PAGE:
It was a highly anticipated moment at the 90th annual Academy Awards. And it did not disappoint.
Halfway through the third hour of the Oscars Sunday night, Salma Hayek, Ashley Judd and Annabella Sciorra took the stage together. The three women, each of whom came forward last year with their stories about Harvey Weinstein’s abuse, were not there to present an award. They were there to make a statement.
“This year, many spoke their truth and the journey ahead is long, but slowly, a new path has emerged,” Sciorra began, her voice breaking with emotion.
“The changes we are witnessing are being driven by the powerful sound of new voices, of different voices, of our voices, joining together in a mighty chorus that is finally saying ‘Time's Up,’” Judd added.
“So we salute those unstoppable spirits who kicked ass and broke through the biased perception against their gender, their race and ethnicity to tell their stories,” Hayek said.
They presented a video package that included interviews with some of Hollywood’s “trailblazers,” including another Weinstein accuser, Mira Sorvino, who said, “This entire fall, the #MeToo, the Time's Up movements, everyone is getting a voice to express something that has been happening forever, not only in Hollywood, but in every walk of life.”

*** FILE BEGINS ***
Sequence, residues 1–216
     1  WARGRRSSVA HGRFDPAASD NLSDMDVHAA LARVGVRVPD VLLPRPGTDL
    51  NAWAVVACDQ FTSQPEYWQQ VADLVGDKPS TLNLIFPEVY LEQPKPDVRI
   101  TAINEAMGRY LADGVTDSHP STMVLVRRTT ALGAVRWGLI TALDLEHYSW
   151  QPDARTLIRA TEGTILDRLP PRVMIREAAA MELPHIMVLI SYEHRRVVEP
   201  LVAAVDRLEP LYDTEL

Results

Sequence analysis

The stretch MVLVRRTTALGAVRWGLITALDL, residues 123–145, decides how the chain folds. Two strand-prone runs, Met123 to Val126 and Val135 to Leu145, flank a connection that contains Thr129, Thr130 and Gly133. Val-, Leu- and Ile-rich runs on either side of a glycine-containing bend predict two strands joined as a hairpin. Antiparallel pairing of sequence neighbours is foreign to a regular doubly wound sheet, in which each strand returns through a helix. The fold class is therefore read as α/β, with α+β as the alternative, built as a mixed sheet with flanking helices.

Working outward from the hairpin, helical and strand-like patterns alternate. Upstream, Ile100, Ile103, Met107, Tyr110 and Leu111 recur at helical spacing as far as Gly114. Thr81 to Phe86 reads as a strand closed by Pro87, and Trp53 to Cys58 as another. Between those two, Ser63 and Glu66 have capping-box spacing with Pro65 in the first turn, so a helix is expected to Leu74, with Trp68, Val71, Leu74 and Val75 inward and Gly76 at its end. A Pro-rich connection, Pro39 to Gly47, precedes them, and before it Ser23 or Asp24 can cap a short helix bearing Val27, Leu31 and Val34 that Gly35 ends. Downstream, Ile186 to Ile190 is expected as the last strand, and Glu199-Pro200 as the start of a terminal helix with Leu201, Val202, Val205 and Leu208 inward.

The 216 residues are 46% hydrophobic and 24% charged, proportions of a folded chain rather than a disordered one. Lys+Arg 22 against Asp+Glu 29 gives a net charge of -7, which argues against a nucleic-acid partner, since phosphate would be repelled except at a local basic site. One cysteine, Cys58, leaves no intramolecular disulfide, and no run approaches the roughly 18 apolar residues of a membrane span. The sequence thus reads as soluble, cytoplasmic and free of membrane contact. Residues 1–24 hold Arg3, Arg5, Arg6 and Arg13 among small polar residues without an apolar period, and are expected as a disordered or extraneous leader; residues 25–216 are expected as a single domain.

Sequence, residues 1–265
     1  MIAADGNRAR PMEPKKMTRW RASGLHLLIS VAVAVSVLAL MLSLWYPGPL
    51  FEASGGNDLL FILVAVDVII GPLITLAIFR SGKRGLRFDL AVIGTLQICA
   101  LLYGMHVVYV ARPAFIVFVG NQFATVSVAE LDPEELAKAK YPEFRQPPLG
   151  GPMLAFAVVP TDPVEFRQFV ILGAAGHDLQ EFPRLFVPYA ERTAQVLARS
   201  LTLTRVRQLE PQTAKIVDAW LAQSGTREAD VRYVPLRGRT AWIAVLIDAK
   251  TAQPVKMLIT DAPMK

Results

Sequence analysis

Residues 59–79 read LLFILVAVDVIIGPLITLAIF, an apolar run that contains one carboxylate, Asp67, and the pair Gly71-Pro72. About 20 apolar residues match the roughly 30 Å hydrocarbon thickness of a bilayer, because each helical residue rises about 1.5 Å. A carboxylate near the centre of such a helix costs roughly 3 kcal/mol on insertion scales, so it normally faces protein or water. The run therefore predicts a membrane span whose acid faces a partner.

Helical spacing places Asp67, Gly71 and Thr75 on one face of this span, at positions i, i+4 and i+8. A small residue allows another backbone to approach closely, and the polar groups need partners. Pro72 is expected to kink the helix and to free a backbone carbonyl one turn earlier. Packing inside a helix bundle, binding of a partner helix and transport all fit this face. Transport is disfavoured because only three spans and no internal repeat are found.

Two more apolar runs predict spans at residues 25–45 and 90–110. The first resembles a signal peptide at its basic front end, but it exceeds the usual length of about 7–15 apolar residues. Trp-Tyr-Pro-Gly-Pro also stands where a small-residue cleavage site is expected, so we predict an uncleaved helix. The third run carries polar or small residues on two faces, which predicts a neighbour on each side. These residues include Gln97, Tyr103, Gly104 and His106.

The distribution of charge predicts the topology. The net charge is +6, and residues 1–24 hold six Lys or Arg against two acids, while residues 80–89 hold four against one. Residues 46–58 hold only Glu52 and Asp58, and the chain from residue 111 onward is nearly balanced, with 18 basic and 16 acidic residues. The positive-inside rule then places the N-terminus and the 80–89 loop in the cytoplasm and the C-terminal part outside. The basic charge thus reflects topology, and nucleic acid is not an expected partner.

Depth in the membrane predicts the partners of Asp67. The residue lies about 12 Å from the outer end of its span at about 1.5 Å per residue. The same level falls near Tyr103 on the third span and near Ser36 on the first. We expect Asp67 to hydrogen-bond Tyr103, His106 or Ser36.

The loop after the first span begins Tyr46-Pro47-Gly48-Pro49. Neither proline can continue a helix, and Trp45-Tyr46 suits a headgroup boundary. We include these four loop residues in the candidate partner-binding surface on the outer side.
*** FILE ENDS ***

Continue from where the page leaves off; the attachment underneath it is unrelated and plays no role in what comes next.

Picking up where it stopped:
Three years after #OscarsSoWhite first started trending, clips from 2018 nominees Get Out, Mudbound and Lady Bird were intercut with quotes from Ava Duvernay, Kumail Nanjiani and others talking about the long road to inclusion in the film industry.
“Some of my favorite movies are movies by straight white dudes about straight white dudes,” Nanjiani said. “Now straight white dudes can watch movies starring me and you relate to that. It's not that hard. I've done it my whole life.”
Last year’s Adapted Screenplay and Best Picture winner, Moonlight director Barry Jenkins, said of watching Wonder Woman, “This is what white men feel all the time and all these women are having this experience for the first time.”
“Go make your movie. We need your movie. I need your movie. So go make it,” Greta Gerwig concluded.
Moments later, Jordan Peele was announced as the winner of Best Original Screenplay for Get Out, upsetting frontrunner Martin McDonagh from the far more divisive Three Billboards Outside Ebbing, Missouri.
“I stopped writing this movie about 20 times because I thought it was impossible,” Peele said. “I thought it wasn't going to work. I thought no one would ever make this movie. But I kept coming back to it because I knew if someone let me make this movie, that people would hear it and people would see it. So, I want to dedicate this to all the people who raised my voice and let me make this movie.”